|Singularity Sky (Review)|
|Written by Administrator|
|Sunday, 28 December 2014 00:00|
ingularity Sky is another element of Charles Stross's future universe, where computers underwent singularity (i.e. they turned the corner on human intelligence and streaked away), and in doing so, these now-godlike AIs teleported 90% of the human race to other planets, mostly in racial/regional blocks. So this one was a step backwards for me - having met Martin and Rachael in Iron Sunrise (and missing them in Accelerando), here we see them in their "courtship", traveling to and enjoying the rustic pleasures of the New Republic.
So it's meaning within meaning here. The New Republic was originally force-settled by some of the worst elements of Russia, i.e. accepting serf/peon/peasants, a leaching nobility and the secret police. They are a small collective with a handful of planets, but they have dreams of empire. This explains their shiny little battlefleet, just purchased from MiG, with its chrome levers and brass fittings and dashing new uniforms.
But one of their colony worlds has just been visited by the Festive, which is some sort of traveling-wish granters - armed with cornucopia machines, these intelligences are willing to trade goods for ideas, folklore and stories. And as one might suspect, when wishes can come true (easily and physically), the flames of hell have been stoked.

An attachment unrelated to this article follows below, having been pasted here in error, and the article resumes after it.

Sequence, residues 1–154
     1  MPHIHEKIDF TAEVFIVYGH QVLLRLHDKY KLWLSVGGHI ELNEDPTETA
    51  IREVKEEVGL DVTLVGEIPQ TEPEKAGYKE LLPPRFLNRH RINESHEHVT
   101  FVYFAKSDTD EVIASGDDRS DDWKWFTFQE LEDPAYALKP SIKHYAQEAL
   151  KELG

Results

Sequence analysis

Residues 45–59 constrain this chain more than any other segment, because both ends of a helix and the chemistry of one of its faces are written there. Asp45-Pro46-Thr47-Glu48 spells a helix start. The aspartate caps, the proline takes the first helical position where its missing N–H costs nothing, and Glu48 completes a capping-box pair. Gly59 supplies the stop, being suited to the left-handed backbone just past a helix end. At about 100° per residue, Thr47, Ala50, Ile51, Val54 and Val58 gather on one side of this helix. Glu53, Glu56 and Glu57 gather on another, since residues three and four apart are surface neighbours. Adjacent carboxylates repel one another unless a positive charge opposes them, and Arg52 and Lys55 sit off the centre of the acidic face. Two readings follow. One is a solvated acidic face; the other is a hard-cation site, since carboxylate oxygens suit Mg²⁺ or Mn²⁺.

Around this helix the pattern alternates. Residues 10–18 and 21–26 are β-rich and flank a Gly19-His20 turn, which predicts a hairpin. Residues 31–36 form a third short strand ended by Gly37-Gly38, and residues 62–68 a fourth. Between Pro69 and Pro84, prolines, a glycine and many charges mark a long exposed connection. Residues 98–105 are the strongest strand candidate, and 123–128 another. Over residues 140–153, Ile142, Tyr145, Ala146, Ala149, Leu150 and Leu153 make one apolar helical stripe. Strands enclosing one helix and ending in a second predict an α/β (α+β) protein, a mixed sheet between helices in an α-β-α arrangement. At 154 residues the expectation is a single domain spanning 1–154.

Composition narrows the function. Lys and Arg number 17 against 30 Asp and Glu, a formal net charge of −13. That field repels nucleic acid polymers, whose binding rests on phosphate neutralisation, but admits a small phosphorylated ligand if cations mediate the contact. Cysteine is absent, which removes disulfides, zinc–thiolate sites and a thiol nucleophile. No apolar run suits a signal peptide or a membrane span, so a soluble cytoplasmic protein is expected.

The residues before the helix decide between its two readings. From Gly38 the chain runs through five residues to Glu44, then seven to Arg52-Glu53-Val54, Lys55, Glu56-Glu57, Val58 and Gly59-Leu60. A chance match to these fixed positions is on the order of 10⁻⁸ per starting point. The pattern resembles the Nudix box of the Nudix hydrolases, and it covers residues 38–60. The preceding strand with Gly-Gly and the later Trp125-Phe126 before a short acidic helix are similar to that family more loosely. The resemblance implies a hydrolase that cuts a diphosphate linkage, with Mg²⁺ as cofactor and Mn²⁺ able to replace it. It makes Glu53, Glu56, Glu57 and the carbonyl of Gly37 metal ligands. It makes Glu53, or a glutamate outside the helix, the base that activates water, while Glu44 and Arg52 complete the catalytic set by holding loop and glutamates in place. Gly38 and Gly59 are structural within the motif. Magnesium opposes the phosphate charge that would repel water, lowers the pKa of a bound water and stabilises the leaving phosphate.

One has to think of modern Russia, going through all its turmoil, trying to catch up in a world of 3D printers and instantaneous communication. And picture the revolutionaries (for police states always have them), suddenly seeing just what the people will do to themselves (and others) once they truly hold the means of production. In little time, the colony world is in ruins, the shiny fleet is rushing into a foreshadowed fiasco, and the Eschaton (those departed yet always present AIs) are watching the actions of the New Republic, ready to intervene (drastically) if they push over the line with forbidden weapons and tactics. Yeah, it's a cluster all around.
I really like Stross's novels - they take the idea of Future Shock and roll it up into a story where technology moves so quickly, you almost can't keep up. And really, when you look at our world that we are somehow coping with (where terrorists behead on the web, where kids have dataplans and pets are chipped), the velocity of change that Stross details feels right. Actually, you know, I read this book years back and didn't enjoy it as much as I did in my second reading. I guess I'm older, wiser, and more leery of the technological cornucopia blossoming around us.
Great read. If you haven't tried Stross, this is a great place to start.
|Last Updated on Sunday, 28 December 2014 09:53|